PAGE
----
Almost 40 civil society organisations and networks from around the world, including Both ENDS, today sent a letter to Dutch Minister for Foreign Trade and Development Cooperation Sigrid Kaag and State Secretary for Finance Hans Vijlbrief. They are asking the ministers to ensure that the expansion of export credit insurance as a result of the Corona crisis contributes to a green recovery.
Last week, the conclusions of an independent fact-finding mission to the Agua Zarca Hydro-electric Project in Honduras, were released. The report was commissioned by one of the project financiers, the Dutch development bank FMO after human rights defender and fierce opponent of the dam Berta Cáceres was murdered in March 2016.
The Asian Development Bank (ADB) and the World Bank will donate $23 million to the Philippines, but will also provide a loan of $500 million to this country for the reconstruction of the areas damaged by the storm. According to ‘NGO Forum on ADB,’ Both ENDS’ partner organisation, these banks abuse this crisis. The debt will have to be repaid with interest and Philippine society will end up paying the price.
Currently a new highway is being constructed which will connect Hanoi (Vietnam) to Kunming (China). The project, partially financed by the Asian Development Bank (ADB), aims to stimulate economic development in the region throughout the construction of this "economic corridor".
On Monday 11 May, at the government's request, the Advisory Council on International Affairs (AIV) published an emergency advisory report on how the Netherlands can make an effective contribution to the worldwide fight against the Corona virus. Together with companies, scientists and environmental, human rights and development organisations, Both ENDS is today presenting a response to this report, in which we make a number of suggestions for investing in countries and people with insufficient resources to tackle the crisis effectively.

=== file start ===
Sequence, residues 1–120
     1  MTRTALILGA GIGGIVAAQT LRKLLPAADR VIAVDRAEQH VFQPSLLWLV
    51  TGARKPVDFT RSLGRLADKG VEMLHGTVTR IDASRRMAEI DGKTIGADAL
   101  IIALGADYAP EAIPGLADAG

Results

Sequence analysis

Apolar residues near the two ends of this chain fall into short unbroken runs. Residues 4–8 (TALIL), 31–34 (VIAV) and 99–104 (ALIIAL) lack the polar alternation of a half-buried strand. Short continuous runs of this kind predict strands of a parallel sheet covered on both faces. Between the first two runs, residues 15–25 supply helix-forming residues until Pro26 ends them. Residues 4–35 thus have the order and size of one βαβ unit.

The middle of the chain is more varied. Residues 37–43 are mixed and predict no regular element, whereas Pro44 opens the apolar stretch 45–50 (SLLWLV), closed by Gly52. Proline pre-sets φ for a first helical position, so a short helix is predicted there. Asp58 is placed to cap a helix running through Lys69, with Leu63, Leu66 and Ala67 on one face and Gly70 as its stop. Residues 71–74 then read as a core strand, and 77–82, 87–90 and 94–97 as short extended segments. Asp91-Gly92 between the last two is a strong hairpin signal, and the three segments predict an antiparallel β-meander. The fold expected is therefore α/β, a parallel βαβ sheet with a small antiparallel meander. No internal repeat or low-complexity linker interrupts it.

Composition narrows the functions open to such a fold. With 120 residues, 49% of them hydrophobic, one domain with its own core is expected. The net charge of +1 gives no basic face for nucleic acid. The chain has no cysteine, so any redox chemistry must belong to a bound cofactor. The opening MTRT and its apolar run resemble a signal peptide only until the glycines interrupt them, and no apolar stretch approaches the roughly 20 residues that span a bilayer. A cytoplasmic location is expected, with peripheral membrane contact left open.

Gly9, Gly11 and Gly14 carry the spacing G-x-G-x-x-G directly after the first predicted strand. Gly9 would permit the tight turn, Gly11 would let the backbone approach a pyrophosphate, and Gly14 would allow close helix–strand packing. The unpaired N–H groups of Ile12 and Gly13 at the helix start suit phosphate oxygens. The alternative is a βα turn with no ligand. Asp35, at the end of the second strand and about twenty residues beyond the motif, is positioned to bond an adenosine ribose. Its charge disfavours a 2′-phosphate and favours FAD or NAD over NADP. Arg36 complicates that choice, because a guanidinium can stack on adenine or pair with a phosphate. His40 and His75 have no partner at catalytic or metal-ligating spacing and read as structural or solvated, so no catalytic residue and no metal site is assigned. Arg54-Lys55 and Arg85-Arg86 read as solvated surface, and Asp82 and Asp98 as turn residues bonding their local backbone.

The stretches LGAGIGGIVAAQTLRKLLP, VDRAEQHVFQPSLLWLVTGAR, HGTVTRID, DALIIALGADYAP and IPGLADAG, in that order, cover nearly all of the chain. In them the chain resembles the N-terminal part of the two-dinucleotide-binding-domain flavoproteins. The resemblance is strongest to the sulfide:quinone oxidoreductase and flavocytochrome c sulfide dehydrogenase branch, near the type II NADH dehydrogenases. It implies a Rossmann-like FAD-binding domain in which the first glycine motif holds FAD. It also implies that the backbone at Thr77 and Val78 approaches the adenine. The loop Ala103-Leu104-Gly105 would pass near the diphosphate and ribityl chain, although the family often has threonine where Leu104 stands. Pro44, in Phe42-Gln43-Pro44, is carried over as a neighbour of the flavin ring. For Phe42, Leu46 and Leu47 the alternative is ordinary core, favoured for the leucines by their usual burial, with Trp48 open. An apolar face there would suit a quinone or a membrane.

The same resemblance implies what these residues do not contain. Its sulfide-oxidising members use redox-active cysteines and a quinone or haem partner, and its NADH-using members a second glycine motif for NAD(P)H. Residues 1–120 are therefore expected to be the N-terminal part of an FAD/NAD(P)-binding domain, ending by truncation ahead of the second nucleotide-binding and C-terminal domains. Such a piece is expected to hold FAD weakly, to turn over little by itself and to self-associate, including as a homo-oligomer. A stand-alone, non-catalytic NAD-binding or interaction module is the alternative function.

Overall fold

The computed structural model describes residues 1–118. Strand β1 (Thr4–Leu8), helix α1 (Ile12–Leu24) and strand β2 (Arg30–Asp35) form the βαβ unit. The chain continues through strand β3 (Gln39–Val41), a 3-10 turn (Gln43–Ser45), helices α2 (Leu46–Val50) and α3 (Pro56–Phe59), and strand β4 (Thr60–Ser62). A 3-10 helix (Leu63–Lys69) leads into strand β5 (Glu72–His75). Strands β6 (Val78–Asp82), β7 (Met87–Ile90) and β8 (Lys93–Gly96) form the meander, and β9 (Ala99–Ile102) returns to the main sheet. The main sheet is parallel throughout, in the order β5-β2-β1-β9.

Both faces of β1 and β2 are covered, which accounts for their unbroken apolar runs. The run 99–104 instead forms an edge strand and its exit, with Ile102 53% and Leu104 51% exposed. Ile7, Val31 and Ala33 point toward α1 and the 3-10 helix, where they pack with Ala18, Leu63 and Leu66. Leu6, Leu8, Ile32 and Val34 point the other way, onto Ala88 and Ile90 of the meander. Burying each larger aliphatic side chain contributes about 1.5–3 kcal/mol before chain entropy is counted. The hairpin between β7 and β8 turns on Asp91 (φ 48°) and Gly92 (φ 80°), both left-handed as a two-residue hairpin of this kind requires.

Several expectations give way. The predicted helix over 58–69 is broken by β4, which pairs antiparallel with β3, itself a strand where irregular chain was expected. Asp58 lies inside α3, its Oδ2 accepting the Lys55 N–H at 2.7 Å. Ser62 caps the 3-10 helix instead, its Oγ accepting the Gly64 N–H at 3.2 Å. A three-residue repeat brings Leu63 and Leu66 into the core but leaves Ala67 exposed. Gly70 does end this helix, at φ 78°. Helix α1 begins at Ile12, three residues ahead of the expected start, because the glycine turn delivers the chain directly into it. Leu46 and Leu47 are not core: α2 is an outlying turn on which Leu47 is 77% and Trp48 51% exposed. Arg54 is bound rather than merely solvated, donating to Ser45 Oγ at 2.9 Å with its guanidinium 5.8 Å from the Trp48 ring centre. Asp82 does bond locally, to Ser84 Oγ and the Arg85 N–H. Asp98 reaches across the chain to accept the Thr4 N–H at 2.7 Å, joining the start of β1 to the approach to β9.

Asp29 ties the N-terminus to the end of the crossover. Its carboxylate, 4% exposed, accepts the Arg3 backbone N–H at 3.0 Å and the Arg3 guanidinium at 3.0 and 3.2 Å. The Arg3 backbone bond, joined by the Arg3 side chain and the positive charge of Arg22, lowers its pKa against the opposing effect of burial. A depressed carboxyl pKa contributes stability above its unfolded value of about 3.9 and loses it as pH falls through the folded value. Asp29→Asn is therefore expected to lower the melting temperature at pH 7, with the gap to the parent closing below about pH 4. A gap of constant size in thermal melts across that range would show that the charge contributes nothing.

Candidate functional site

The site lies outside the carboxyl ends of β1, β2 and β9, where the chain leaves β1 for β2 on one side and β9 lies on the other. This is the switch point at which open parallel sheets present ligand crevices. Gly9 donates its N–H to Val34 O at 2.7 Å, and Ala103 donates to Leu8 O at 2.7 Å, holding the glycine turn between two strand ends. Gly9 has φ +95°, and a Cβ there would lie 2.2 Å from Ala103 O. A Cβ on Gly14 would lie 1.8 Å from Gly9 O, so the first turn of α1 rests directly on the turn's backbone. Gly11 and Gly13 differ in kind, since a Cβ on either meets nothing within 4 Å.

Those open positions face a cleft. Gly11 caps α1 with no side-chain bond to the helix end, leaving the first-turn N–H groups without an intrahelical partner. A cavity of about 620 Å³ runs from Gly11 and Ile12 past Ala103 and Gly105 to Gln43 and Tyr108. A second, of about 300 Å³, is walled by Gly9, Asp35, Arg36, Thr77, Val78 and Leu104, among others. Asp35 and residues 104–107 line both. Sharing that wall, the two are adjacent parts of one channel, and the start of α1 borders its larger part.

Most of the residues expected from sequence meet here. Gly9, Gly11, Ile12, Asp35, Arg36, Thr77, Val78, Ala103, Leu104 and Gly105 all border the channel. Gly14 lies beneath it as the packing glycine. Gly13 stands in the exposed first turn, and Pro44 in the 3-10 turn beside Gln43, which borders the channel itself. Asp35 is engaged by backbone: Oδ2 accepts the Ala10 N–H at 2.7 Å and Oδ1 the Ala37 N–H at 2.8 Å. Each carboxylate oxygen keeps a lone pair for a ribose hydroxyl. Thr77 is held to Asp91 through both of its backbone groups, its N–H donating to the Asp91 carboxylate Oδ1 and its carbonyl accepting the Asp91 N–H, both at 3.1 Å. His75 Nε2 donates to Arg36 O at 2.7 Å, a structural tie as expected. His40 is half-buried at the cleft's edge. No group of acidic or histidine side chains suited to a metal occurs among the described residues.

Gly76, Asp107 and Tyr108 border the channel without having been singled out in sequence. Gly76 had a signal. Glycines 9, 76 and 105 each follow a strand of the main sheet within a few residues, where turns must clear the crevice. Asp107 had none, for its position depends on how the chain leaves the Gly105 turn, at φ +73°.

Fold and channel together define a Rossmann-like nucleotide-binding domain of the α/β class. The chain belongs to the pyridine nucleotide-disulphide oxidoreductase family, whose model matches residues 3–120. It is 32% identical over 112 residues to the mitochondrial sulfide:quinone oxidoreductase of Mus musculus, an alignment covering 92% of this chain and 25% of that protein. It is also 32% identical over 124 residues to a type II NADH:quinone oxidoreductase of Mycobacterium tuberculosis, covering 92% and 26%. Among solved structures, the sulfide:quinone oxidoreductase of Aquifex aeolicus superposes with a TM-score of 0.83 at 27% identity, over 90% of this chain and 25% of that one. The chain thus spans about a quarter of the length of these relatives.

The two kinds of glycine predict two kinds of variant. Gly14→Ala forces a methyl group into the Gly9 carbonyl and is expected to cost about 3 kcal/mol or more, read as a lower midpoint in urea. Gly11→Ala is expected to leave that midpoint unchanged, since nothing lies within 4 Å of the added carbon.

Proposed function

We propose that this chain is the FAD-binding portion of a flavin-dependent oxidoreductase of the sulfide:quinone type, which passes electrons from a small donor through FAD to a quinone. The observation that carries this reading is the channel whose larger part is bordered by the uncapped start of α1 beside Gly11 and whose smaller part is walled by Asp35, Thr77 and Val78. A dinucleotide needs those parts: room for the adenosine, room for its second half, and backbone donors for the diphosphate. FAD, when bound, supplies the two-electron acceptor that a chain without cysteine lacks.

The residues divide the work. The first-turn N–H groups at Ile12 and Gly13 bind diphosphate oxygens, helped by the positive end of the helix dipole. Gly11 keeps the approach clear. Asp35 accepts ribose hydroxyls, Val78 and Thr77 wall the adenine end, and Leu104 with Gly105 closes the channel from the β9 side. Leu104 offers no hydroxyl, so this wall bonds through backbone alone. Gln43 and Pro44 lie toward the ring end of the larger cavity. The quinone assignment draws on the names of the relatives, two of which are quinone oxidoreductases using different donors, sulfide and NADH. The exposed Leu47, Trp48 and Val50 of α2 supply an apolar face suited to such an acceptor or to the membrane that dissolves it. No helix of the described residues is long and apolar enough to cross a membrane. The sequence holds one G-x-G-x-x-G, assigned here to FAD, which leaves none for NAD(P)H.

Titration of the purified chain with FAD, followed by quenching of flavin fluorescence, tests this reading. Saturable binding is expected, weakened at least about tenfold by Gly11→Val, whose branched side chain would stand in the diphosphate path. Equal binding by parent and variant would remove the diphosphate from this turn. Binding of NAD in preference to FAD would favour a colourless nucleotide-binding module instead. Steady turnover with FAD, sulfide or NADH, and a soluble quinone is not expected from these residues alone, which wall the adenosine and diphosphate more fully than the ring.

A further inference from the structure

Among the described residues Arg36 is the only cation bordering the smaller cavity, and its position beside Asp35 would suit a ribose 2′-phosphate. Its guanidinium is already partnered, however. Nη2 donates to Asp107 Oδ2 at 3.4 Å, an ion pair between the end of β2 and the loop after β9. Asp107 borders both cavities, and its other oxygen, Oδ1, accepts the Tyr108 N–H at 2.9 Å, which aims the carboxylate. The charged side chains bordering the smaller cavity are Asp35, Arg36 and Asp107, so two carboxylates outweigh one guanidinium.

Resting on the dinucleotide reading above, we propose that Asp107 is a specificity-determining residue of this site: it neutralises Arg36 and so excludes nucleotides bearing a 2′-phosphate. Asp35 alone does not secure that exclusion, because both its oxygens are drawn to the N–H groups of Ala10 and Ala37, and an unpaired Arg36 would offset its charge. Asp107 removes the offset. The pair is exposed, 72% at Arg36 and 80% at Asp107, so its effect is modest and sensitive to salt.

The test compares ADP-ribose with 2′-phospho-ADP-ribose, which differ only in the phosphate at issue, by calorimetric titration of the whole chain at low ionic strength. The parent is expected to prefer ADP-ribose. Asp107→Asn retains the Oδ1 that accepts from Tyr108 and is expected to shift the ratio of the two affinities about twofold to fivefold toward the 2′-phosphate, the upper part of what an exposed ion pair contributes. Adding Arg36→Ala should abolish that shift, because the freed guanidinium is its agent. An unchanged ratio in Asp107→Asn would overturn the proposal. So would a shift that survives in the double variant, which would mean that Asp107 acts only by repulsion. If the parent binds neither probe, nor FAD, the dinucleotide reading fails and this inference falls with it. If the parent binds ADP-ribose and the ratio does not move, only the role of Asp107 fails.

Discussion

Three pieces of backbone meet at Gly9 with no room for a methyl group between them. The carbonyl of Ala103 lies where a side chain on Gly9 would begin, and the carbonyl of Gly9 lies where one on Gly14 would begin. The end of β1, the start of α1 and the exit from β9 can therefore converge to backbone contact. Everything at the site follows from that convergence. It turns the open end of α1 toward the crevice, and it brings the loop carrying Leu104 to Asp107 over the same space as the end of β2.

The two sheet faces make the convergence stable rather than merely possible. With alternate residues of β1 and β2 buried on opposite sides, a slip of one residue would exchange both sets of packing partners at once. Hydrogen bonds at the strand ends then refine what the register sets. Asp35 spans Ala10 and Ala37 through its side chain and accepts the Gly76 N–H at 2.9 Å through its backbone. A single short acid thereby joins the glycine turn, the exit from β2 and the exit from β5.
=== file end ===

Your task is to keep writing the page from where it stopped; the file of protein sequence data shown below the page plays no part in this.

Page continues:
In 2011 one of the world’s largest gas reserves was found in the coastal province of Cabo Delgado, in the north of Mozambique. A total of 35 billion dollars has been invested to extract the gas. Dozens of multinationals and financiers are involved in these rapid developments. It is very difficult for the people living in Cabo Delgado to exert influence on the plans and activities, while they experience the negative consequences. With the arrival of these companies, they are losing their land.
The Corona crisis is showing us just how closely our current economy is irrevocably intertwined with the pollution of the planet and is making people all around the world more and more vulnerable. Both ENDS and MVO Nederland (CSR Netherlands) – are particularly concerned about what we hear about human rights, climate and the environment. We ask the Dutch government, in a letter to Minister Kaag, to commit to achieving the Sustainable Development Goals (SDGs) and the goals of the Paris climate agreement.
Residents belonging to the indigenous Ngäbe-Bugle people living on the traditional indigenous territory surrounding the Barro Blanco dam in Panama, have filed a complaint against the Dutch development bank FMO. The bank has invested $ 25 million in the dam that is currently under construction in the river Tabasará. The Ngäbe-Bugle blame FMO for not adequately following its own social and environmental standards. FMO also violates international agreements relating to indigenous peoples. For Both ENDS, Anouk Franck is closely following FMO’s activities.